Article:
and balance padding; however,
there are many other practical applications for these techniques. Do
the initial padding with felt strips
and then, after patient corroboration, send the altered insole back to
the lab for permanent inclusion in
the prescription. Though lesions
can be identified in molds, the 3-D
scanning devices and pressure pads
are a great help in pin-pointing
areas of concern and facilitating
communication and proper placement. Staining the top cover trick is
also useful in situations where you
expect to be adding these types of
orthotic modifications.
Although footwear in general is
not part of an orthotic, it is a necessary partner. The best and most
biomechanically-engineered orthotic cannot function properly in a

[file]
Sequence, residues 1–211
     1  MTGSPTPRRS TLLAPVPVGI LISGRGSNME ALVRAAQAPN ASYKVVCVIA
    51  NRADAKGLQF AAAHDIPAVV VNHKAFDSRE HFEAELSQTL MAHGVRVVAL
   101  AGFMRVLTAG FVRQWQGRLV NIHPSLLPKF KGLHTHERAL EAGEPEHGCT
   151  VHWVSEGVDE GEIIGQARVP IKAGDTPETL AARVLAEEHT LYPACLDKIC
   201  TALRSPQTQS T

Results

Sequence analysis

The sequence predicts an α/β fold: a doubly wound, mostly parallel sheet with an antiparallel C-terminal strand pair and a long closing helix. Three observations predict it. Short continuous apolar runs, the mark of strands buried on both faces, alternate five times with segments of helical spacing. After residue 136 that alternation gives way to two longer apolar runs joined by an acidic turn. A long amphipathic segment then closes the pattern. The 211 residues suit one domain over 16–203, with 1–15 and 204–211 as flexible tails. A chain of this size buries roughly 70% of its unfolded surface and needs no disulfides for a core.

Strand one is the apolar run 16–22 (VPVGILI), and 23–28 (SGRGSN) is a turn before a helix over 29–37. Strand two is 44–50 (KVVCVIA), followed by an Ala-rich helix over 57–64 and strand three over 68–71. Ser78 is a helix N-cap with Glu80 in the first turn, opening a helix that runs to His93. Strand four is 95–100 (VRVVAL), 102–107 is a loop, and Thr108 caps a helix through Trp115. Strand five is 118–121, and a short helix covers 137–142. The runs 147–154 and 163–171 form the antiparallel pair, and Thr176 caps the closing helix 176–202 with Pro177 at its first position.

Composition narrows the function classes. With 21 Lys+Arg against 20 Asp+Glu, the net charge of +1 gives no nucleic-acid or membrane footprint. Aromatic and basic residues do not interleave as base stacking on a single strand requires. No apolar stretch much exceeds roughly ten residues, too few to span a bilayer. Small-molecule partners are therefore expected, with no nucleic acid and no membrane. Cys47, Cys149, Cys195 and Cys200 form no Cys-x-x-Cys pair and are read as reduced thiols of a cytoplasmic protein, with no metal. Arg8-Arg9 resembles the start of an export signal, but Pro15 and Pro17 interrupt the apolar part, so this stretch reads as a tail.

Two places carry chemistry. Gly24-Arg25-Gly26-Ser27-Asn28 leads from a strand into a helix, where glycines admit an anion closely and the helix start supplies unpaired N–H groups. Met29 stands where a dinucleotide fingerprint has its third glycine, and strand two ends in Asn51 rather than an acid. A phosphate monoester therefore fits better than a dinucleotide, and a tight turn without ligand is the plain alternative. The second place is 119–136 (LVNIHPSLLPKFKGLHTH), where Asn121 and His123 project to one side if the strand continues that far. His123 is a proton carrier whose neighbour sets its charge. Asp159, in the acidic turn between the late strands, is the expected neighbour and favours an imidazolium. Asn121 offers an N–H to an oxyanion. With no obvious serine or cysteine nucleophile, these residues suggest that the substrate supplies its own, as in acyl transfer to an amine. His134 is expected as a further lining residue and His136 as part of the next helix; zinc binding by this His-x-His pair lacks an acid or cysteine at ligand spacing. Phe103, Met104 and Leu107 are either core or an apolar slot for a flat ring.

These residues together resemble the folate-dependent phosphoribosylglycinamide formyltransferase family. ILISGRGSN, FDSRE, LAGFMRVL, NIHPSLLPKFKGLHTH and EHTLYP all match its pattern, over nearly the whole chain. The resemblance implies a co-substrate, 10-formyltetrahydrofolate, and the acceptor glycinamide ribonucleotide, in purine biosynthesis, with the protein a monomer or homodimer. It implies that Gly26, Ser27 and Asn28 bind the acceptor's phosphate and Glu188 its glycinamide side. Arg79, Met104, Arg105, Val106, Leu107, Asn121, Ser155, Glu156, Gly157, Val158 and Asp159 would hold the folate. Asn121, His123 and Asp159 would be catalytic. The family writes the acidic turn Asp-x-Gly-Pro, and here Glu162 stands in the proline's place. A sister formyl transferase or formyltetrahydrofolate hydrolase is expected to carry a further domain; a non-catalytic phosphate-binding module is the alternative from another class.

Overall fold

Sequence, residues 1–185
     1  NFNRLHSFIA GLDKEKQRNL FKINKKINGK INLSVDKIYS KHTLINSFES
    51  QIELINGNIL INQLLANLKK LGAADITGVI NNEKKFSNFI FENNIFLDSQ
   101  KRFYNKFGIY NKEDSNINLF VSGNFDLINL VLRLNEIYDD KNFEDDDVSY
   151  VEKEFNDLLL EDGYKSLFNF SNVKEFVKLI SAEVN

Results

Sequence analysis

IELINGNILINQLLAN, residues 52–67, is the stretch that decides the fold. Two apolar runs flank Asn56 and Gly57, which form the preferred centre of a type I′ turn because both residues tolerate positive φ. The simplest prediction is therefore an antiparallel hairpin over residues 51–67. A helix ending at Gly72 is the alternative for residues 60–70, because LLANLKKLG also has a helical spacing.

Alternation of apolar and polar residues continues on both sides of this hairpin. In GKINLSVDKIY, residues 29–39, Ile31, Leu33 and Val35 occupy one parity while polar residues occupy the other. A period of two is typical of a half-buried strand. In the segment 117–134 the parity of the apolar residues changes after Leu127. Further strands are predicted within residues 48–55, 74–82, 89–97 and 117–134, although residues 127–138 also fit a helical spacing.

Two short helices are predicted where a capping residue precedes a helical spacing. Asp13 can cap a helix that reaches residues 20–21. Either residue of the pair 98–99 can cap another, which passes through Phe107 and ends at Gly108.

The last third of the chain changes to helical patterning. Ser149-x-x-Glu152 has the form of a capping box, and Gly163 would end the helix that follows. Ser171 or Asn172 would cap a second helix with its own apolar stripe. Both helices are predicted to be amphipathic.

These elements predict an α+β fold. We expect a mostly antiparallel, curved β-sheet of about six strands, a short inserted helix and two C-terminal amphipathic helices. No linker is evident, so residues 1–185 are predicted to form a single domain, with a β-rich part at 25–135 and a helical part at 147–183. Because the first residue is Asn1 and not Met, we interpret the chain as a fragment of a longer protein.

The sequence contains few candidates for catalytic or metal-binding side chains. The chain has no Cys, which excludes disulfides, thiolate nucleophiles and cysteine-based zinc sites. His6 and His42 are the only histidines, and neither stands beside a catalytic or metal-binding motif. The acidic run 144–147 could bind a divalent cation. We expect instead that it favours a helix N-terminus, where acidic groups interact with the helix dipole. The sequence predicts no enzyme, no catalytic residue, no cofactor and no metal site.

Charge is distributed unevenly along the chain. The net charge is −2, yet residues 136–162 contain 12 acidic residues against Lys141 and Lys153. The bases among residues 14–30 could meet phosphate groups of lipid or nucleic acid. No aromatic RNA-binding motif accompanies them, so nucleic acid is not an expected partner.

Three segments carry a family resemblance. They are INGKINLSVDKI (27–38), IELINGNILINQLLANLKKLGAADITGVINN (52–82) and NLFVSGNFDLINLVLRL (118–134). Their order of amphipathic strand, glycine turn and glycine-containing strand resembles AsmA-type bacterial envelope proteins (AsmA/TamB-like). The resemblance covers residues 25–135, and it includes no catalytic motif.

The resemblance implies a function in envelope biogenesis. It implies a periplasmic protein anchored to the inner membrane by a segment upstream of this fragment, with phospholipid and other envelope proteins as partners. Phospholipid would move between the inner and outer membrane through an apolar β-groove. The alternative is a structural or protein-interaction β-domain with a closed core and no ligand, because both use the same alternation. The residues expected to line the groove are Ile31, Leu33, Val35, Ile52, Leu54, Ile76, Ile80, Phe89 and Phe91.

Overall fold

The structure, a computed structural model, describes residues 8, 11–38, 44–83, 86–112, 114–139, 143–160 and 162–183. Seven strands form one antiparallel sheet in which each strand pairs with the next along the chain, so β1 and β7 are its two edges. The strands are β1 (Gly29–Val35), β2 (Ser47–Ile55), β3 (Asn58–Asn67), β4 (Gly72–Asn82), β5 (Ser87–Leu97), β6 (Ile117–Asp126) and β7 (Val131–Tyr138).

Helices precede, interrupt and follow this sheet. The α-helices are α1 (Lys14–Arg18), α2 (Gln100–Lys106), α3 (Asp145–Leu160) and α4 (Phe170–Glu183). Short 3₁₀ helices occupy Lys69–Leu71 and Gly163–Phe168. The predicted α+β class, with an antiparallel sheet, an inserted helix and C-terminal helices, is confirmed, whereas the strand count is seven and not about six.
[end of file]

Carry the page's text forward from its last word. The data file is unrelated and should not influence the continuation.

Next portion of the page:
poorly designed, spent, or ill-fitting
shoe. Take time to educate your patient on the importance of length,
width, and shoe depth, as well as
counter construction, shank style
and mid-sole integrity.
Remind patients that a snug fit
might feel secure, but it doesn’t
allow for proper mechanics or necessary foot expansion during gait
cycle. An expanded foot means
more area on the ground, and thus
more stability. At the end of the
day, when we suggest a treatment
protocol that includes shoes and a
patient-specific orthotic, remember
that the best way to customize is to
accessorize. I
Dr. Jay Segel
graduated from
the Ohio College
of
Podiatric
Medicine
in
1979. He completed his surgical residency at
Cambridge City
Hospital, a Harvard Teaching
Affiliate. After residency, he moved to
Martha’s Vineyard, where he still practices. He is a member of the American
Academy of Sports Medicine, has been
an advisor to shoe companies and holds
several utilities patents on footwear.
130
PODIATRY MANAGEMENT • SEPTEMBER 2010
www.podiatrym.com